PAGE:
Three days ago, I graduated from college.
As they say on Mad Men...isn't that "swell"?
It was a happy, overwhelming occasion, filled with lots of hugs and high fives and only a couple tears. I'm not sure what moments I'll really remember down the line, but I do hope to remember some of the things mentioned by the commencement speaker.
My university had the honor of having Google CEO Eric Schmidt speak at the ceremony. I just want to share some blurbs from his speech that I found particularly interesting. Enjoy!
This generation–your generation–is the first fully connected generation the world has ever known.
What’s the first thing you do when you get up? Right? Check your phone? Your laptop? Read some email, comb through your social networks?
I’m awake, here I am. You are connected, you’re online …
Some of you are probably texting your friends right now. Tweeting this speech. Changing your status. Smile, you’re on camera.
There’s this joke about the college kid getting mugged, who says, “Hold on—let me update my status, letting my friends know I’m getting mugged, then you can have my phone.” That didn’t happen, but it’s also telling — a stark depiction of just how essential technology has become to your generation’s identity and your ability to connect with the world.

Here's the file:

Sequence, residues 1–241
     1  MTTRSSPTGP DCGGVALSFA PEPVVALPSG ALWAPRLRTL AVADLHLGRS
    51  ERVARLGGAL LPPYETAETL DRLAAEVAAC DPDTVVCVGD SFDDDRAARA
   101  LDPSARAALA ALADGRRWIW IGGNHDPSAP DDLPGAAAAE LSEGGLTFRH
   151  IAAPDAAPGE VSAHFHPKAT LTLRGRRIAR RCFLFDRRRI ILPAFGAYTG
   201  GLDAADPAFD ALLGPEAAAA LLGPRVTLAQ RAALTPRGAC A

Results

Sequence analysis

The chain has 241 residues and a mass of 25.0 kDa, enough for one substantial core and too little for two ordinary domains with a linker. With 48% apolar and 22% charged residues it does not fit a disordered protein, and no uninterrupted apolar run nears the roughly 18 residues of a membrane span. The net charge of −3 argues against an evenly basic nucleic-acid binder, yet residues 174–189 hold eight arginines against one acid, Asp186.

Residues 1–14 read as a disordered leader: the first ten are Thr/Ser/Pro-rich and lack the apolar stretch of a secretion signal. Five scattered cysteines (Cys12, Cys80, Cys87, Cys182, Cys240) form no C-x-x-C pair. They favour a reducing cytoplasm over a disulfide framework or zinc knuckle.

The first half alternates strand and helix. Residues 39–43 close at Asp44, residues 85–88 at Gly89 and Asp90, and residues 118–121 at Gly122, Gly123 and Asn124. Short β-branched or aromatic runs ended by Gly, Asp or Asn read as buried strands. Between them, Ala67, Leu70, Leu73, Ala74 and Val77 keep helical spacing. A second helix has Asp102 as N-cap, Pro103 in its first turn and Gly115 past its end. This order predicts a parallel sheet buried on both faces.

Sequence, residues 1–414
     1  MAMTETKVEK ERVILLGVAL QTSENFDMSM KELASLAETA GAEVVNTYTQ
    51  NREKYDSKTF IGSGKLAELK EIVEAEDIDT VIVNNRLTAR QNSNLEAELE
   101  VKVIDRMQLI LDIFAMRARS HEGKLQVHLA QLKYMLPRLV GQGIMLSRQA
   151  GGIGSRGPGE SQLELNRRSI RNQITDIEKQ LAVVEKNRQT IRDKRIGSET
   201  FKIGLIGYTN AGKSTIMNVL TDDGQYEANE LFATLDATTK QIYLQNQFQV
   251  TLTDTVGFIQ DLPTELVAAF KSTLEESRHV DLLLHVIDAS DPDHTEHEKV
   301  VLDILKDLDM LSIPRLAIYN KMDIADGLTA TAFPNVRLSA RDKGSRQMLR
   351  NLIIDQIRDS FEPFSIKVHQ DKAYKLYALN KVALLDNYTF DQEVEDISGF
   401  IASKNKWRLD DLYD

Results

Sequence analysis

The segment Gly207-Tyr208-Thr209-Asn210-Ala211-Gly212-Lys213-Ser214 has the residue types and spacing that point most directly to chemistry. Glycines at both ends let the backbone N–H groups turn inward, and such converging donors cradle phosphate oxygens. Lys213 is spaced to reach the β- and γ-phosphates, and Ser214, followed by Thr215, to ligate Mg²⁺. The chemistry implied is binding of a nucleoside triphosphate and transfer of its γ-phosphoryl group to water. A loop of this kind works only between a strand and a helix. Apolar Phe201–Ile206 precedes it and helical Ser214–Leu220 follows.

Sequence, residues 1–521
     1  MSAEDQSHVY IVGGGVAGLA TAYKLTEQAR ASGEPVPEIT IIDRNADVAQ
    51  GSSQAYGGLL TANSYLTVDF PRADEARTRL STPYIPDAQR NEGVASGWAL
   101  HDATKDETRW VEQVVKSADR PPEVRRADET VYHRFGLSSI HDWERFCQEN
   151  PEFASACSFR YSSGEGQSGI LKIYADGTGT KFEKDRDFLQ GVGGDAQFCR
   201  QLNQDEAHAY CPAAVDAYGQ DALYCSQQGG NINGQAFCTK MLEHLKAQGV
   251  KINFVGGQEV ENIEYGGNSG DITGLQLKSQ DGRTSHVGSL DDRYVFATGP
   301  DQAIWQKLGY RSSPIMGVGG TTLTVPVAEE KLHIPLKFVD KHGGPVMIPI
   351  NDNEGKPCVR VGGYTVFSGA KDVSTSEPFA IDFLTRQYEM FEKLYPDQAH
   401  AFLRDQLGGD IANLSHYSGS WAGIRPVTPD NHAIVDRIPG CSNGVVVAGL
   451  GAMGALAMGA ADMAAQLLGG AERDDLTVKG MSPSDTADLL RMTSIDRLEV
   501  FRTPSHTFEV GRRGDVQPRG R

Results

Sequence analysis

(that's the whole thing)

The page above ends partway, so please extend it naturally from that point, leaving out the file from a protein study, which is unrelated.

Remember to take at least one hour a day and turn that thing off. Do the math, 1/24th. Go dark. Shut it down. Learn where the OFF button is.
Take your eyes off the screen, and look into the eyes of the that person you love.
Have a conversation–a real conversation–with the friends who make you think, with the family who makes you laugh.
Don’t just push a button saying I “Like” something. Actually tell them. What a concept!
Engage with the world around you … feel … and taste … and smell … and hug what’s there, right in front of you–not what’s a click away.
Life is not lived in the glow of a monitor. Life is not a series of status updates. Life is not about your friend count–it’s about the friends you can count on.
Life is about who you love, how you live, it’s about who you travel through the world with. Your family, your collaborators, your friends. Life is a social experience first, and the best aspects of that experience are not lonely ones–they are spent in the company of others.
Find a way to say “Yes” to things.
Say yes to invitations to a new country, say yes to meet new friends, say yes to learning a new language, picking up a new sport .
Yes is how you get your first job, and your next job.
Yes is how you find your spouse, and even your kids.
Even if is a bit edgy, a bit out of your comfort zone, saying yes means that you will do something new, meet someone new, and make a difference in your life–and likely in others’ lives as well.
Yes lets you stand out in a crowd, to be the optimist, to stay positive, to be the one everyone comes to for help, for advice, or just for fun. Yes is what keeps us all young.
Yes is a tiny word that can do big things.
Say it often.
His full speech can be found here.